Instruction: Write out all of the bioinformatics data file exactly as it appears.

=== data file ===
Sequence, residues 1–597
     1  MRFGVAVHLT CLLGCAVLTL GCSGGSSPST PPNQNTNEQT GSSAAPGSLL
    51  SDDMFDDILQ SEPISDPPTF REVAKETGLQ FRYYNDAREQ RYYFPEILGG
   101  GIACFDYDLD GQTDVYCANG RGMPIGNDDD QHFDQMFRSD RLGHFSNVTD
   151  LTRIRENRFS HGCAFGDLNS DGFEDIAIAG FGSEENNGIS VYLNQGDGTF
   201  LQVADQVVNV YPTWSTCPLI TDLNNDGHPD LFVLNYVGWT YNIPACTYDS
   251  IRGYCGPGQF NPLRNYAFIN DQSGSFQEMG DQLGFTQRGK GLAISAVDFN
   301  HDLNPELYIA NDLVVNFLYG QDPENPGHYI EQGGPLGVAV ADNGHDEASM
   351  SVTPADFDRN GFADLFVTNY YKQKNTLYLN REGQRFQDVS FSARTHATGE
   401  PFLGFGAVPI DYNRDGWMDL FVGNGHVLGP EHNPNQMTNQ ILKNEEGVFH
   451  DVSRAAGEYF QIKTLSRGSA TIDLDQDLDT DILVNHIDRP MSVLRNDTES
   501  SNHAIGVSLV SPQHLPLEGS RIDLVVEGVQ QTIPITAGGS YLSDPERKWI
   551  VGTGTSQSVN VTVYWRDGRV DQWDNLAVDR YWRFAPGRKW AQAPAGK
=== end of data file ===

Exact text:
Sequence, residues 1–597
     1  MRFGVAVHLT CLLGCAVLTL GCSGGSSPST PPNQNTNEQT GSSAAPGSLL
    51  SDDMFDDILQ SEPISDPPTF REVAKETGLQ FRYYNDAREQ RYYFPEILGG
   101  GIACFDYDLD GQTDVYCANG RGMPIGNDDD QHFDQMFRSD RLGHFSNVTD
   151  LTRIRENRFS HGCAFGDLNS DGFEDIAIAG FGSEENNGIS VYLNQGDGTF
   201  LQVADQVVNV YPTWSTCPLI TDLNNDGHPD LFVLNYVGWT YNIPACTYDS
   251  IRGYCGPGQF NPLRNYAFIN DQSGSFQEMG DQLGFTQRGK GLAISAVDFN
   301  HDLNPELYIA NDLVVNFLYG QDPENPGHYI EQGGPLGVAV ADNGHDEASM
   351  SVTPADFDRN GFADLFVTNY YKQKNTLYLN REGQRFQDVS FSARTHATGE
   401  PFLGFGAVPI DYNRDGWMDL FVGNGHVLGP EHNPNQMTNQ ILKNEEGVFH
   451  DVSRAAGEYF QIKTLSRGSA TIDLDQDLDT DILVNHIDRP MSVLRNDTES
   501  SNHAIGVSLV SPQHLPLEGS RIDLVVEGVQ QTIPITAGGS YLSDPERKWI
   551  VGTGTSQSVN VTVYWRDGRV DQWDNLAVDR YWRFAPGRKW AQAPAGK